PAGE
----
Right next to it, a fish n chips place opened up called Comptoir 21. They have a simple menu with various fried seafoods. The place is small and has this really nice neighbourhood restaurant feel to it. It's a great place to grab a quick meal. I'm a big fan of fish n chips, especially since I discovered Brit n Chips last year. But, Comptoir 21 looks interesting and I'm very curious to try their fried fish and see what it's like. The restaurant opens late, 'til 11pm. Maybe I'll stop by sometime and grab a quick dinner before walking back down to go home.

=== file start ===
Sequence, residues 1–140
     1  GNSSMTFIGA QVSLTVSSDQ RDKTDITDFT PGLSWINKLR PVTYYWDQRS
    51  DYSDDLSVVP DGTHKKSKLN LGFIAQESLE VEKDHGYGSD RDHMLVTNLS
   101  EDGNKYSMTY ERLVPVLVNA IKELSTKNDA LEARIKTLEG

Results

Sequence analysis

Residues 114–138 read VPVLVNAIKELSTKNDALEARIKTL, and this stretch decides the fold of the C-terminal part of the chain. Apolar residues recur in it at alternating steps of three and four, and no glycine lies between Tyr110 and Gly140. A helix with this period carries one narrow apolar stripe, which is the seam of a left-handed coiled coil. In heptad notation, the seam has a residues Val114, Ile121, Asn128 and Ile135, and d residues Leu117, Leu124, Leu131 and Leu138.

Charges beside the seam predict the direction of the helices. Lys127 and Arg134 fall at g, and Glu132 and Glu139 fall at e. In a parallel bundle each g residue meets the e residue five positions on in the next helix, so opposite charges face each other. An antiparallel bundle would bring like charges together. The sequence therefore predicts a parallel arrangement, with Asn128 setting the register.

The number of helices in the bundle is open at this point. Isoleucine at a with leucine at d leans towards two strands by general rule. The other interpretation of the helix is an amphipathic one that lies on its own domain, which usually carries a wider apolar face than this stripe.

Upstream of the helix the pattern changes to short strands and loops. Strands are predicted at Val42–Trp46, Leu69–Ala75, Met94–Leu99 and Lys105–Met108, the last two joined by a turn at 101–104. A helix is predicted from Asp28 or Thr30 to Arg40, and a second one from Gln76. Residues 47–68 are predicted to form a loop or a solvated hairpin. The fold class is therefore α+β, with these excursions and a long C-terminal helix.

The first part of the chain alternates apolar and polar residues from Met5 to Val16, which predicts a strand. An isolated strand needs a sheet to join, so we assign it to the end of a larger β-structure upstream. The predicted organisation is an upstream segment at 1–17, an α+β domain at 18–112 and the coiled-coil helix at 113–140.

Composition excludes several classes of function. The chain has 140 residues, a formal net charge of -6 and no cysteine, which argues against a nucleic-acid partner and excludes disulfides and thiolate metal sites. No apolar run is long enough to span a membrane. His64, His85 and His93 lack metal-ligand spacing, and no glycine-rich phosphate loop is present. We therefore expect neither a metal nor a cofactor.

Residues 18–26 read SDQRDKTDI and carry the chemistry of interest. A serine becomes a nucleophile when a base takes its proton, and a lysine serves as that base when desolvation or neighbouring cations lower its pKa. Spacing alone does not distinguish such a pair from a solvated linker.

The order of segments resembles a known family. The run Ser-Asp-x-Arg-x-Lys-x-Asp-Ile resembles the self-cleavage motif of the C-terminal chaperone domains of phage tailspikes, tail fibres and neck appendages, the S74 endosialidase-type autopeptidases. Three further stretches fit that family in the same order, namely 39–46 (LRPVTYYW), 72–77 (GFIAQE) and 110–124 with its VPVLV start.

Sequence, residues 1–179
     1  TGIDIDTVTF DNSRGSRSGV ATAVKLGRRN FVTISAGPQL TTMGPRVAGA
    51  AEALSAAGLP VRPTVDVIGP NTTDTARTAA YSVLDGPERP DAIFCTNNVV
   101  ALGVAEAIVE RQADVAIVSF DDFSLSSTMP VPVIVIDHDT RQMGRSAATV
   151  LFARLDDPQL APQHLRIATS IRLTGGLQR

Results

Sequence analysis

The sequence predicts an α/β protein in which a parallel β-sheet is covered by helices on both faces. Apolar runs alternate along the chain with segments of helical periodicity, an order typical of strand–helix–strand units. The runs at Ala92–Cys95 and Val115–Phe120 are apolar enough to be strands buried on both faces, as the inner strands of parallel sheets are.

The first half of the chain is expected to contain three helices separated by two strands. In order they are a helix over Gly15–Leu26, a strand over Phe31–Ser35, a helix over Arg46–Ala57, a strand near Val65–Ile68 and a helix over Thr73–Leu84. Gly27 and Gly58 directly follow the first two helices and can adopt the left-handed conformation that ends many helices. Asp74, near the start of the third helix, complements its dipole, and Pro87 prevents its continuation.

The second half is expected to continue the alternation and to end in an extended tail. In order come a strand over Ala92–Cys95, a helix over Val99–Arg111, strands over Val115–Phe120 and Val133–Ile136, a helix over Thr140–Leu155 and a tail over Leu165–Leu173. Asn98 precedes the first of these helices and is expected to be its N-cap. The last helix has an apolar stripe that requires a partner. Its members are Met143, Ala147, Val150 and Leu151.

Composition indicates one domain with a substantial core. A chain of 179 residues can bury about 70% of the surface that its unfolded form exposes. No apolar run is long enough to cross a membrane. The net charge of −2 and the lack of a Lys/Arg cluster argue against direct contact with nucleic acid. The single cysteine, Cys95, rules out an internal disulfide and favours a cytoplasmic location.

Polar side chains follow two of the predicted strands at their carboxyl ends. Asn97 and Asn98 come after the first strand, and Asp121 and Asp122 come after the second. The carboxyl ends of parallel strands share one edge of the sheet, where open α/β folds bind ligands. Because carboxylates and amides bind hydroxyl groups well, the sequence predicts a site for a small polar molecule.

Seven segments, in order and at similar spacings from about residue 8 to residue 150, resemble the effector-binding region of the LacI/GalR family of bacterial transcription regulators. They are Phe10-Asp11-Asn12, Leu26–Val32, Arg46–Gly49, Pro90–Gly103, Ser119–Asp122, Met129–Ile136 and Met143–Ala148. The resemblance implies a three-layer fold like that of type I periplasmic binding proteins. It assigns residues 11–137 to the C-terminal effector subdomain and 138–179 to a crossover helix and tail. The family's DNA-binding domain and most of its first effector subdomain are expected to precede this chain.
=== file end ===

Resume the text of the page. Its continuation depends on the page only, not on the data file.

At that point I turned around and started to walk back down the Saint-Laurent boulevard and get back to my car. Walking up the Plateau all the way to Mile End was a long walk, but definitely worth it. I made some pretty good discoveries that night, some I didn't even mention here as there were a lot more. But, most of them were excessively expensive and exaggerated. One place served French cuisine and there was not a single dish on the menu that was under $25. And that's just for one plate, not a table d'hôte or anything like that. That's a bit too much for bite-sized servings of raw meat with a couple of leaves of greens if you ask me. Oh! And on my way up to Mile End, I met one of my friends who works at Ubisoft. He told me he liked my blogs, especially the one with the recipes. I was really happy to hear that! You know, it's hard to tell how much of an audience you have when only very few people comment on your posts. Anyway, I don't care too much about having an audience. I like doing this because it keeps my mind off of the other crap that happens in my every day life. And the original purpose of this blog was to keep someone up to date with my life and give that person some advice on where to go if ever they wanted to get to know this city better and all that it has to offer. But, I'm just glad there are others out there who enjoy what I write. At least this is not all for nothing.